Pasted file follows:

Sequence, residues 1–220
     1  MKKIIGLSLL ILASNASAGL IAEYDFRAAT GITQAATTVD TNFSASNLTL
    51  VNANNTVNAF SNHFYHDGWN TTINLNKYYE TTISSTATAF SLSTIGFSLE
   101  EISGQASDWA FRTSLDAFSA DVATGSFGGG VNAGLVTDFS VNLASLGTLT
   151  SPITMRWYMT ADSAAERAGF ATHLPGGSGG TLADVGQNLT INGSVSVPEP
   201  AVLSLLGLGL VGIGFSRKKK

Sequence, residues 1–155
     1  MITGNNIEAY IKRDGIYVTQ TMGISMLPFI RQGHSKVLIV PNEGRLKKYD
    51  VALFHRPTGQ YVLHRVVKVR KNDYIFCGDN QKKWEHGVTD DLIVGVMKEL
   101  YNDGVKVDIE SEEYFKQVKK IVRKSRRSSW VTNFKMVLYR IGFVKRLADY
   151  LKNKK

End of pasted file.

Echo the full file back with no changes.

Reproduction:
Sequence, residues 1–220
     1  MKKIIGLSLL ILASNASAGL IAEYDFRAAT GITQAATTVD TNFSASNLTL
    51  VNANNTVNAF SNHFYHDGWN TTINLNKYYE TTISSTATAF SLSTIGFSLE
   101  EISGQASDWA FRTSLDAFSA DVATGSFGGG VNAGLVTDFS VNLASLGTLT
   151  SPITMRWYMT ADSAAERAGF ATHLPGGSGG TLADVGQNLT INGSVSVPEP
   201  AVLSLLGLGL VGIGFSRKKK

Sequence, residues 1–155
     1  MITGNNIEAY IKRDGIYVTQ TMGISMLPFI RQGHSKVLIV PNEGRLKKYD
    51  VALFHRPTGQ YVLHRVVKVR KNDYIFCGDN QKKWEHGVTD DLIVGVMKEL
   101  YNDGVKVDIE SEEYFKQVKK IVRKSRRSSW VTNFKMVLYR IGFVKRLADY
   151  LKNKK